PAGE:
Why Defense is Becoming the Nuggets’ New Calling Card

by Christopher Dempsey
Nuggets Insider
@chrisadempsey

At his core, Nuggets coach Michael Malone is a defensive guy. He grew up around defensive teams. He’s coached good defensive teams.

And he’s desperately wanted the Nuggets to be one of them.

But for the last few seasons, Malone has had to enjoy the offensive fireworks while keeping a clenched jaw at a defense constantly under construction. It could be, however, that those days are over.

His wait could be coming to an end.

The Nuggets’ three-game start on defense this season has been nothing short of spectacular.

“This is the defense I dream about,” Malone said. “Ever since I got here.”

It’s early. Super early. No one is hiding from that fact.

But this is also the most promising defensive start in the Malone era – and beyond. The last time the Nuggets’ were solid on defense for an entire season was the squad that advanced to the Western Conference Finals in 2009. Those Nuggets ranked eighth defensive rating (105.6).

These Nuggets? They’ve held all of their first three opponents under 100 points in an NBA that is seeing scores rise out of control. Their defensive rating is 92.9. That’s a whopping 17 fewer points per 100 possessions from last year.

The question is: Why?

“I would say just an overall buy-in and commitment,” Malone said. “You can talk game plan and you can talk strategy but at the end of the day, for me, defense comes down to pride. Do you want to go out there and give it everything you have to defend? The second part of that is the multiple effort.

“We are flying around, whether it is deflections, contested shots, and again not always right and it’s not always going to be right, but what do you do when it’s not? Do you quit on the play? Last year, we were much more of a single effort team and the thing that stands out to me is keeping three straight opponents under 100 points means our guys care about it, they are committed to it, and the multiple effort is there.”

That’s the beginning.

In truth, this has been a four-year evolution of coverages and individual effort. The Nuggets started last season as one of the better 3-point percentage defensive teams. But they were simultaneously allowing bunches of points in the paint. When the coaching staff adjusted to better protect the rim, the entire system broke down.

They covered pick-and-roll a certain way last season, but Malone and his staff have made alterations to that this season. Nikola Jokic, in the past, was primarily instructed to ‘drop’ in screen-roll coverage to clog the lane for ball-handlers looking to get to the rim. But he felt vulnerable in that scheme as guards attacked his feet, got to him with a full head of steam and were able to finish over or around him. Jokic expressed a desire to be more aggressive at the point of attack and Malone granted the request. Jokic has responded with active hands and feet at the screen and has been very effective in pick-and-roll coverage.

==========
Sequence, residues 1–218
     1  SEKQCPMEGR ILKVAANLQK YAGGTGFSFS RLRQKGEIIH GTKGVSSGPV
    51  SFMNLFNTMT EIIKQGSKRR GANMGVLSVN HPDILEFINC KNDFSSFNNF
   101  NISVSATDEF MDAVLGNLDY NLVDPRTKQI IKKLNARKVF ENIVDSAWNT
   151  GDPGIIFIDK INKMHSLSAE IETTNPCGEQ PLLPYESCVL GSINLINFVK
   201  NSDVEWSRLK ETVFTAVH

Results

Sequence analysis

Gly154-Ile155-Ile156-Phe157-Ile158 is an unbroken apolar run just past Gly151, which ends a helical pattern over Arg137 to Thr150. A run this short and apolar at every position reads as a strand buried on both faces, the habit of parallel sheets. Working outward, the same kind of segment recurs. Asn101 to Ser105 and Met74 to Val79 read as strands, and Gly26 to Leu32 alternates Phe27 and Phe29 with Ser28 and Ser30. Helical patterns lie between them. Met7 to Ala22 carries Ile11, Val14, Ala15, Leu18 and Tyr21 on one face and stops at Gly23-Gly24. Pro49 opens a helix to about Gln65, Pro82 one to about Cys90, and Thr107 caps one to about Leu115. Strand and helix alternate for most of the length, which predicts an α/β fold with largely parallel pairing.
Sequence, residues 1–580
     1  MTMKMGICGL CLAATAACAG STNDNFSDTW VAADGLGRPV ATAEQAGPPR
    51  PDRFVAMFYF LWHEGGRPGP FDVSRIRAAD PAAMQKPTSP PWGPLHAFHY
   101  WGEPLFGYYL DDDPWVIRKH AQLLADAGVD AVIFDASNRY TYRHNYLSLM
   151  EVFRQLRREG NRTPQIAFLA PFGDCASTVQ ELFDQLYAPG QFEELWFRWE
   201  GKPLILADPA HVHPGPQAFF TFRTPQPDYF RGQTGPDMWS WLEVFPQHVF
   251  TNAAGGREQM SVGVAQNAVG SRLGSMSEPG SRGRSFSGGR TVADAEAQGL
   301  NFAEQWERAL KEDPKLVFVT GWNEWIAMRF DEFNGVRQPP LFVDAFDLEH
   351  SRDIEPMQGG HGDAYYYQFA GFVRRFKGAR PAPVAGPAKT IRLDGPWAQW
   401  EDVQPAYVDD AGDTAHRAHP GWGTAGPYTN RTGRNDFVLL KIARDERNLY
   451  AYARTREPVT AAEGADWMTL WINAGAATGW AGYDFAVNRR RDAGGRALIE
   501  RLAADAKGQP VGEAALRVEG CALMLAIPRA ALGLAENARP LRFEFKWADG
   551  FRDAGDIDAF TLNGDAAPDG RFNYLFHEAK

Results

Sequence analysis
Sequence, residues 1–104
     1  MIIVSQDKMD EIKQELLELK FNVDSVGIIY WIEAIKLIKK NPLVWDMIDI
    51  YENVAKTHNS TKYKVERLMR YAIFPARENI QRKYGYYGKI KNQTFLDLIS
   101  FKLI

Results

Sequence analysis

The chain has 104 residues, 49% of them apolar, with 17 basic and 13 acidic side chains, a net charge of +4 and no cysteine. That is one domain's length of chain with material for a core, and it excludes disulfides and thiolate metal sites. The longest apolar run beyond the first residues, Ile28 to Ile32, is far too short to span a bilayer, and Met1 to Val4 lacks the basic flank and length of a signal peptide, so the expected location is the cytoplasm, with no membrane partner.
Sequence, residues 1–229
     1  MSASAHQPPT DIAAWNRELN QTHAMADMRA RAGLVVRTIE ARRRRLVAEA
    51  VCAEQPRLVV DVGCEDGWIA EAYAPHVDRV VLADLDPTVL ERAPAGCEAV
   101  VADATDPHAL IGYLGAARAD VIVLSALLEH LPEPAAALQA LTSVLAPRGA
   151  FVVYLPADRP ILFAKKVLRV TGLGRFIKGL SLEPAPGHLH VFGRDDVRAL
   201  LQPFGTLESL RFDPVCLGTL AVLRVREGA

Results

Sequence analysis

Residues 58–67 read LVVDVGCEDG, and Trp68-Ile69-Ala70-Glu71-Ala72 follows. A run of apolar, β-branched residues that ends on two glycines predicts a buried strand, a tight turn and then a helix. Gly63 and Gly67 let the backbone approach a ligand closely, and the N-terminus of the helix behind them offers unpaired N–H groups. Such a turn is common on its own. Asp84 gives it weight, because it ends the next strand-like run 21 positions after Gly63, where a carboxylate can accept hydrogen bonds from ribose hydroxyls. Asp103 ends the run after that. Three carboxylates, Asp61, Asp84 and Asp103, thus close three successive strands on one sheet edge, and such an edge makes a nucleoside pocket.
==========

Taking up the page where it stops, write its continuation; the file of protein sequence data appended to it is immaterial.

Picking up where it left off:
The Nuggets have simplified when switches take place. They have a system in place to fix mismatches not in their favor that occur due to switches. They drilled help rotations over and over and over during training camp.

The Nuggets also drilled multiple-effort plays repeatedly, creating new, hard-working habits. That has carried over into games as well, not only in physical effort but in mindset.

This is how forward Torrey Craig described his work on defense and getting after loose basketballs.

“I just knew it was a big game and every possession is crucial,” he said. “So, if the ball was loose, I was going for it.”

Adding defensive-minded players like Craig, Gary Harris, Paul Millsap and Mason Plumlee has helped. The development of younger Nuggets who needed to have experience in seeing all of the things offenses, and various offensive players, could throw at them, has helped as well.

That leads us to the defensive effort against Golden State. The Nuggets have held the Warriors to under 100 points in two of the last four meetings – and have won three of the last four.

“Obviously, to hold them to a 7-of-29 from the three-point line was terrific with the shooters that they have and then offensively,” said Malone after Monday night’s win. “I just asked our team, ‘If I were to tell you before the game that we are going to shoot 40 from the field, 18 from the three, and miss 18 free throws, what would you have said? That we would have gotten blown out.’ What I love about our team is that in LA, our opening night on the road, (and) tonight, we are not making shots; we are struggling to make free-throws but we did not let that affect our defense.”

Just as Malone would have dreamed.

“We know how much talent we have on this team,” Craig said. “And we know if we just defend, then we can pretty much outscore every team in this league.”

Christopher Dempsey: christopher.dempsey@altitude.tvand @chrisadempsey on Twitter

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